The Vancouver Canucks are reportedly shopping undersized, underachieving 2009 first round draft pick Jordan Schroeder, according to the News 1130 Sports twitter account. It’s not a huge surprise to hear that the organization aren’t counting on a player like Schroeder going forward – he’s a diminutive natural centre, who has battled a myriad of injuries already in his career, and hasn’t produced like a future top-six mainstay since he left college.
That the organization is “very unlikely” to extend the soon to be 24-year-old forward a qualifying offer, which News 1130 Sports is also reporting on Wednesday, is a bit of an eyebrow raiser though. We’ll wade into it after the jump.
There’s no sugar coating it: at this point in his career, Schroeder isn’t a good bet to become an NHL regular. His potential value is derived from his speed and positional awareness, but because he’s just 5-foot-9, it seems unlikely that the Canucks – an organization that likes to talk about getting grittier in the bottom-six and goes out of its way to praise Shawn Thornton – would have interest in a player of Schroeder’s ilk filling a bottom-six role.
As for filling a top-six role, Schroeder’s career .6 points-per game rate in the AHL doesn’t exactly fill us with warm cuddly visions of a guy poised to develop into Vancouver’s version of “David Desharnais” – never mind metamorphosing into the sort of player that lives up to the absurd “mini-Yzerman” comparisons he drew before the 2009 NHL draft.
Where does that leave a player who has demonstrated some two-way aptitude, but only limited finishing ability over three professional seasons? Switzerland? Maybe Medveščak Zagreb?
One place it leaves him is with limited trade value. Over the past 12 months we’ve seen a couple of first round picks from the 2009 NHL Entry Draft be traded – Louis Leblanc (for a 5th-round pick), and Peter Holland (for Brad Staubitz, Jesse Blacker, and two draft picks including an eventual 2nd-rounder). Schroeder surely has less value than those two players on the trade market, though if Vancouver was willing to take back an obvious AHL player on a one-way NHL contract (a la Brad Staubitz, or Jeremy Welsh) maybe, maybe they can net a top-150 pick at the draft in return.
If the organization has identified Schroeder as a player that isn’t in their plans going forward, recouping a draft pick for him (even a draft pick that isn’t very good) is a sensible course of action.
It makes no sense not to qualify Schroeder, though.
For context, consider this: do you remember Bill Sweatt and Anton Rodin? Both forwards struggled to establish themselves as NHL players, and ultimately spent the past season in Sweden. Both players also received qualifying offers last summer, because the Canucks wanted to retain their rights as RFAs. That’s just how asset management works in the NHL, at least that’s how competent asset management works.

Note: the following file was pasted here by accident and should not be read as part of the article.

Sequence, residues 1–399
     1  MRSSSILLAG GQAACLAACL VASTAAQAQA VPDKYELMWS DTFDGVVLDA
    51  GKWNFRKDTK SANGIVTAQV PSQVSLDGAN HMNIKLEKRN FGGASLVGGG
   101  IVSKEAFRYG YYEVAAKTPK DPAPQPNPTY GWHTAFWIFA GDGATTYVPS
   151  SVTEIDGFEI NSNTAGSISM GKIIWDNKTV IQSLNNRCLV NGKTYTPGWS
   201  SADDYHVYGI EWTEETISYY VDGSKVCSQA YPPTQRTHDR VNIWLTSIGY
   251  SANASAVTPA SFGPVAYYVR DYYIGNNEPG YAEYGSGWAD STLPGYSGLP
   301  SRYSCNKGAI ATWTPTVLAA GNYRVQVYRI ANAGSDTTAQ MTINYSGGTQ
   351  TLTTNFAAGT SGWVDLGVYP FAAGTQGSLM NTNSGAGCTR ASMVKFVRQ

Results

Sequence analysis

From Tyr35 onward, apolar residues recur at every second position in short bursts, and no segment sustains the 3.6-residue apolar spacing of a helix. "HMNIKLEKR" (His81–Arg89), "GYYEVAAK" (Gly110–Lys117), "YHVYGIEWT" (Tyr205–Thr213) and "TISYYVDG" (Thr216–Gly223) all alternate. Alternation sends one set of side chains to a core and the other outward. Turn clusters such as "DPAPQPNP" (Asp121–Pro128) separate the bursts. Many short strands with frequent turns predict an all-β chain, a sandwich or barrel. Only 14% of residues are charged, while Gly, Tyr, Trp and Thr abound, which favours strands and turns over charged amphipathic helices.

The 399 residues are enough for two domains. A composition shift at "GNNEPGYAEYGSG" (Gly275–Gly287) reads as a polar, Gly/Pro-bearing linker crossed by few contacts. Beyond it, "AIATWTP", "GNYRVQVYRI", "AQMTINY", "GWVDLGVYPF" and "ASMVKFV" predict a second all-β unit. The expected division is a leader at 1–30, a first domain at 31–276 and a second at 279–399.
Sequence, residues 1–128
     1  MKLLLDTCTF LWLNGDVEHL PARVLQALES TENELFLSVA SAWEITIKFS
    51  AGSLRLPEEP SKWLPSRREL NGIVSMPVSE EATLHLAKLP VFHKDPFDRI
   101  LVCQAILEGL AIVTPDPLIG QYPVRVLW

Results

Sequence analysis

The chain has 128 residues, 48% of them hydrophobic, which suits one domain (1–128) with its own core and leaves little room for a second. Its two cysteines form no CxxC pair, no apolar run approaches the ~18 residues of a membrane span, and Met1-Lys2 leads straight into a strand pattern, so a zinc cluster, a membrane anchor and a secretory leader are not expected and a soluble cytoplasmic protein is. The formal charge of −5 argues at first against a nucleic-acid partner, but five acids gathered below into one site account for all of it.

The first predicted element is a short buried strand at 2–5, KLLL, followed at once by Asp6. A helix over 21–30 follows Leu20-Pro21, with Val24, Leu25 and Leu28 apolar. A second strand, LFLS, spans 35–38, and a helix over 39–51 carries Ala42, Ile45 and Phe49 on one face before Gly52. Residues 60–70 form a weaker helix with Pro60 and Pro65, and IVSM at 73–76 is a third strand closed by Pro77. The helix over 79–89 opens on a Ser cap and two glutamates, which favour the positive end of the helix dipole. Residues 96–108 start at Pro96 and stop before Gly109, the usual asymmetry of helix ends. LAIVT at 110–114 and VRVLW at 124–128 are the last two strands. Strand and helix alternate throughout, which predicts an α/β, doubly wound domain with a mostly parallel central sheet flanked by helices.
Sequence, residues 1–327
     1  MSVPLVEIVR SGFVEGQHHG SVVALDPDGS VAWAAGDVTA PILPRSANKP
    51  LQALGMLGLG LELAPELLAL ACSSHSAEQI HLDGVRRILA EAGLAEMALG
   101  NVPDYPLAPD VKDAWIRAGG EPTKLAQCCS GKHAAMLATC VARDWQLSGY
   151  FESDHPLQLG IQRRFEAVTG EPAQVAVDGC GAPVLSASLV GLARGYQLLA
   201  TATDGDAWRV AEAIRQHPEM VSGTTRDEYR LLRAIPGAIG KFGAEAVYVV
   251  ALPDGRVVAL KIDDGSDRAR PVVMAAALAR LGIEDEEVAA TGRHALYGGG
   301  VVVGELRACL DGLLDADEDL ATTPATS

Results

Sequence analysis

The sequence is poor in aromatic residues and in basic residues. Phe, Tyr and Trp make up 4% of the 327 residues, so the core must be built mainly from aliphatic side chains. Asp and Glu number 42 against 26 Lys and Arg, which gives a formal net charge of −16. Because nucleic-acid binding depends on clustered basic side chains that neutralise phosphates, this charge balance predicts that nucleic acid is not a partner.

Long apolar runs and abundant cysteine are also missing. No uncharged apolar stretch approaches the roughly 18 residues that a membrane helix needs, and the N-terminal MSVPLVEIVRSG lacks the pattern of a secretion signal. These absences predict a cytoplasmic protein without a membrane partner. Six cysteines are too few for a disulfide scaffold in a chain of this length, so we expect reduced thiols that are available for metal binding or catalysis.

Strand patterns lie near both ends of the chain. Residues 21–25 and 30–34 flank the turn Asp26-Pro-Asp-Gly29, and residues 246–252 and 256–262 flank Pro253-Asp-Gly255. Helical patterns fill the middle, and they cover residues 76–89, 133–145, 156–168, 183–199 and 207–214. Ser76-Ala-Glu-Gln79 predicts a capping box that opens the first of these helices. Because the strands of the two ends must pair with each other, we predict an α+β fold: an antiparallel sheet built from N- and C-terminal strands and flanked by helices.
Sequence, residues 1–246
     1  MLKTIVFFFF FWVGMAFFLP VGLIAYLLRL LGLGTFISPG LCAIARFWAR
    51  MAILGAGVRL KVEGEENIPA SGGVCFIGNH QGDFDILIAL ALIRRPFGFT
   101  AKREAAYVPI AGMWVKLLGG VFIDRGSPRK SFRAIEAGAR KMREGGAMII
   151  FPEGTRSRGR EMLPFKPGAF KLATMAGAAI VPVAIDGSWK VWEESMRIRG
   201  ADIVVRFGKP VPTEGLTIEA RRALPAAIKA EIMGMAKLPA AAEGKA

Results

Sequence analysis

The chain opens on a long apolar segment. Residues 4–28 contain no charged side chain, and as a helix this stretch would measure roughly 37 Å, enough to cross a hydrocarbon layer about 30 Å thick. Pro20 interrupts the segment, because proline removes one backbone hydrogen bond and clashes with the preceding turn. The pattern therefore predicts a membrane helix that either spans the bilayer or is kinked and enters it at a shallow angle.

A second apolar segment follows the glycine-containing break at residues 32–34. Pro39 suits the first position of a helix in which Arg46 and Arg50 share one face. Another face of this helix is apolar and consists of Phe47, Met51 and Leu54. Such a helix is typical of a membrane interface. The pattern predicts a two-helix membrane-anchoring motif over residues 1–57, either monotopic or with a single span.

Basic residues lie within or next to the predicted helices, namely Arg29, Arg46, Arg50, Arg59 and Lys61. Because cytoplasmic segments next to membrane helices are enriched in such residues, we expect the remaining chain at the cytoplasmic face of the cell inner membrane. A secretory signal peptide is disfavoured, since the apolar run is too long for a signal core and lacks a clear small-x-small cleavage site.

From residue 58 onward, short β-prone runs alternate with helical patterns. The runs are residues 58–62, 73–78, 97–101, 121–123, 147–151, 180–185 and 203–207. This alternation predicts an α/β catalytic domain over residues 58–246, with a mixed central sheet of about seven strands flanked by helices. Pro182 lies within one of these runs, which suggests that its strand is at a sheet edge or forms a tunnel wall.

Fans find it satisfying to talk about “moving on” and “clearing the decks” on the internet and sports media sometimes enjoys castigating a guy who isn’t big enough to hang with “heavy” teams like the three Kaiju in California. Asset management is cold and rational though. Sometimes it’s about stubbornly and methodically turning nothing, into a little bit more than that.
In Schroeder’s case, he was injured at the tail end of the 2013 season with a shoulder injury and wasn’t healthy to open training camp. He was injured shortly after recovering from that injury when he blocked a shot and broke his foot. At no point in this past season was he close to 100 percent.
Because of his injury history, relative youth, and dimming, but still extant potential, it would seem to me that Schroeder’s the type of player you’d give a full summer to. Either let him accept his qualifying offer ($660k per capgeek.com, I also believe that it would be a one-way deal because Schroeder didn’t clear waivers last season) or head to Europe if he’d prefer.
If Schroeder accepts his qualifying offer, then there’s no cap ramifications if Vancouver decides to waive him, which they’ll surely do unless he comes to training camp and blows the doors off. In the unlikely event that he does (show the Canucks something at camp), cool, Vancouver could probably use an affordable roughly replacement level centreman next season.
So this is pretty simple: Schroeder is not a valuable asset and won’t return much in a trade. If there’s a deal to be made great – Schroeder seems to have about the same chance of changing Vancouver’s opinion about him as a 5th-round pick has of developing into a useful NHLer anyway.
If there isn’t a deal to made though, then Schroeder is still worth a $660k flier. At the very worst, you push losing him for nothing a bit further down the road (he’ll have to clear waivers if he’s cut this fall). You essentially give a once promising 23-year-old player one more summer to show up in the shape of his life and earn an NHL job.
If he can’t do it, which is likely, then at least you exhausted all of your options before losing him on waivers. And if he clears, he’ll surely be able to help a second-year AHL team that struggled enormously in its inaugural season, is about to get a key influx of young talent (Nicklas Jensen, Brendan Gaunce, Hunter Shinkaruk, Dane Fox etc.), and isn’t likely to be able to recruit top AHL veterans in free agency. That really should be worth two-thirds of a million dollars to the Canucks.